LOUISVILLE, KY. - Before he became a philosophy major and later a professor, Paul Reddam primarily applied his deep thinking to picking winners at the racetrack.
He soon learned that logic didn't always apply to racehorses, however, the thrill of the gamble never left the Windsor, Ont. native.
Call it passion or call it a vice, Reddam's life-long love never paid off more than it did early Saturday evening at famed Churchill Downs when his colt, I'll Have Another, captured the biggest prize of all. Storming down the stretch, the long-striding three-year-old colt claimed the lead just past the twin spires and strode home the confident and convincing winner of Kentucky Derby 138.
After getting his master's degree at the University of Toronto, which led him to buy a standardbred at old Greenwood Raceway, the 56-year-old Reddam moved to California where he earned his fortune. And with the means to play the game he has loved since a teenager, he has indulged himself to court it at the highest level.
"It started for me in high school where my friend was a groom at the local harness track (soon to be closed Windsor Raceway) and we'd skip off school to gamble a little bit," Reddam said after cashing in the winner's share just shy of $1.5 million U.S.
"I never really dreamed I would be in a position to own race horses, but I got lucky and it happened. I guess I'm still lucky."
Those who "gambled a little bit" on I'll Have Another on Saturday were rewarded with a handsome $32.60 on a $2 bet as the confident chestnut outran favourite Bodemeister to win by 1 1/2 lengths. The champion finished the 1 1/4-miles in a solid 2:01 4/5 in a field that was considered to be one of the deepest in years.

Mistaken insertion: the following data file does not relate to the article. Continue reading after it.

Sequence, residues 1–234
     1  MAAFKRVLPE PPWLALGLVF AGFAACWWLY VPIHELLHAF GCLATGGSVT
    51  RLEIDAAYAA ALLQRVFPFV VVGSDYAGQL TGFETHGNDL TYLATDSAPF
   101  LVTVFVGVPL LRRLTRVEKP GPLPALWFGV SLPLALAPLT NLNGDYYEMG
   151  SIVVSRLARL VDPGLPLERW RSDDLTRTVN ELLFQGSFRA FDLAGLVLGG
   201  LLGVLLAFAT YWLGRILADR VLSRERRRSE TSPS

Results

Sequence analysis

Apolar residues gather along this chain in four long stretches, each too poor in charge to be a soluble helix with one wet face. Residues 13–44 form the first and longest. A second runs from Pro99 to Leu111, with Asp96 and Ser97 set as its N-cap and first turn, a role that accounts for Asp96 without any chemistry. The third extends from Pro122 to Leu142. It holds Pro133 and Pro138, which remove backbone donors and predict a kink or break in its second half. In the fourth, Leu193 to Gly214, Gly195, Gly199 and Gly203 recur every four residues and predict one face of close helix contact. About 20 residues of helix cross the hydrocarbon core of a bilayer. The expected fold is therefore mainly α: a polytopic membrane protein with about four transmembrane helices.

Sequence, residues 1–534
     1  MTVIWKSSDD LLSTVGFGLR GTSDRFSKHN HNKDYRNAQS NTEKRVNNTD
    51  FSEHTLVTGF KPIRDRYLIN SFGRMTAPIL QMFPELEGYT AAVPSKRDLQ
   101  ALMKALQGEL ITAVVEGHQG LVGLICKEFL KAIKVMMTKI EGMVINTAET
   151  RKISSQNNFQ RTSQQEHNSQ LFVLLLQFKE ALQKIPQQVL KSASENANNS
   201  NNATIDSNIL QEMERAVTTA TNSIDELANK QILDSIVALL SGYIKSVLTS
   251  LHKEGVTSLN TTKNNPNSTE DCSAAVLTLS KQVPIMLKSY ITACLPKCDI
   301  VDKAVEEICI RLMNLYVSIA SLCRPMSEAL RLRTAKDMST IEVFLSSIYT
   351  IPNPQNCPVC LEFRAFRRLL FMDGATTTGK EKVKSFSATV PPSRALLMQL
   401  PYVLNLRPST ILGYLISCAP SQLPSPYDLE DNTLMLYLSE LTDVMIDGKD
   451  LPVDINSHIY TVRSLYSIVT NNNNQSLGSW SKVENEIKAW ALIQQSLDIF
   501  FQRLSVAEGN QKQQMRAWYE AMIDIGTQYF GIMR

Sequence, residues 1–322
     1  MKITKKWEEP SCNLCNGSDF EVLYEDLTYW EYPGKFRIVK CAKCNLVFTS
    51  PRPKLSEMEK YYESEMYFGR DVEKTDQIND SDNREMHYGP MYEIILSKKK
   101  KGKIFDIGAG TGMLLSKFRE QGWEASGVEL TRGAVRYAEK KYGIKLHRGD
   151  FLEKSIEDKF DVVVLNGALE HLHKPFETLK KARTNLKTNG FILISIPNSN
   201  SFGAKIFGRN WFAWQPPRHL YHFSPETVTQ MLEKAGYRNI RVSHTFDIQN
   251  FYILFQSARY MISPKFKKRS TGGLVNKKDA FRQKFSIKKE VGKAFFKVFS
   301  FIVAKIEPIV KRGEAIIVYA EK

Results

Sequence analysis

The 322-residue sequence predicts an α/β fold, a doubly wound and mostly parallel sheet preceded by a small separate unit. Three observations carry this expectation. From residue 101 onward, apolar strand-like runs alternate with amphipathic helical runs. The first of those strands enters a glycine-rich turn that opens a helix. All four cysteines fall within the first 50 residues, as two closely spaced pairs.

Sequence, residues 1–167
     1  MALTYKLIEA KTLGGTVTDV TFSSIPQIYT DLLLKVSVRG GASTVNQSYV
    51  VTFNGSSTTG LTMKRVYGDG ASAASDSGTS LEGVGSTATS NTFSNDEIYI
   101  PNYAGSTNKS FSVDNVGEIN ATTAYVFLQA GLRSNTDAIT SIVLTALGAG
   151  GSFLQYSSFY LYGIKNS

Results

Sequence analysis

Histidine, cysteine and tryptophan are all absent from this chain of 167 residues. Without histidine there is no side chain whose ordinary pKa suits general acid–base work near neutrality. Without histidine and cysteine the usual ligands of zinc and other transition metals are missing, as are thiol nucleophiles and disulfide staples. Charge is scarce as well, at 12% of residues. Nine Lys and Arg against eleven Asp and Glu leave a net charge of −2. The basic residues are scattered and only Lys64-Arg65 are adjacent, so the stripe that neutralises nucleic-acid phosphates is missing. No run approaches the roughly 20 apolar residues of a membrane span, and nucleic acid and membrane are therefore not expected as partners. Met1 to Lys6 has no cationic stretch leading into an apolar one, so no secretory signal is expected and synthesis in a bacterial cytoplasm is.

Even the greatest triumph of Reddam's life came with a calculated risk that tapped into his Canadian roots. When looking for a jockey to ride I'll Have Another in last month's Santa Anita Derby, he opted on Mario Gutierrez, a native of Mexico who a year ago was the top rider at Vancouver's Hastings Park, a long and mostly unimaginable journey from the Churchill Downs winner's circle.
But despite being stuck with Post 19 in a field of 20 - a spot no horse had previously won from - Gutierrez rode like a champion. He settled the colt off the early speed, keeping close enough to launch a sustained bid in the stretch in front of a roaring Derby record crowd of 165,307.
And it wasn't just the winning jock who was unheralded.
Though he's had some big horses, trainer Doug O'Neill works predominantly with claiming class horses on the Southern California circuit. And in a sport where it sometimes takes seven figures to land the best bred animals, I'll Have Another was bought as a yearling for $35,000.
"We're kind of a working class group," Reddam said. "From the trainer, to the owner, to the jockey, we don't come from the bluest of blood. We recognize that and that's okay. The horse is the same way."
Even the horse's breeding has a tie to another Canadian. His sire, Flower Alley, was owned and raced by Ottawa Senators owner Eugene Melnyk, but is far from an in demand stallion among the thoroughbred elite.
There's some useful blood in I'll Have Another though, as the hard-trying chestnut is coming into his own at just the right time. As most in the field wearied coming for home on Saturday, the winner's stride remained strong and steady through the stretch.
"He had great position and a trouble-free trip," said O'Neill, who like the owner and rider won his first Triple Crown race. "He really stretched for home down the lane. The way he maintained that beautiful stride was incredible."
Though he lives in Sunset Beach, Calif. now where his mortgage and lending business has made him millions, Reddam has long coveted a day like this. Whether it was skipping school to bet cheap claimers at Windsor, to buying harness horses in Toronto or jumping into the thoroughbred game, the goal was always the big score.
"I don't know how at this point anything could be bigger than winning the Kentucky Derby," said Reddam. "But if you hear of something, let me know.
"Horse racing is the most dangerous kind of addiction because it has intermittent (positive) reinformcement. Every once in a while something good happens."
And on even rarer occasions, something great.